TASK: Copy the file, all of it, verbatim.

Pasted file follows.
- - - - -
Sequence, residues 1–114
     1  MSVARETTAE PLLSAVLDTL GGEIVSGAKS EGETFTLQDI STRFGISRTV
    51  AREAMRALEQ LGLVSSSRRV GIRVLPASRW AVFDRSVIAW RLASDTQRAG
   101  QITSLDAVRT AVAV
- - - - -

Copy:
Sequence, residues 1–114
     1  MSVARETTAE PLLSAVLDTL GGEIVSGAKS EGETFTLQDI STRFGISRTV
    51  AREAMRALEQ LGLVSSSRRV GIRVLPASRW AVFDRSVIAW RLASDTQRAG
   101  QITSLDAVRT AVAV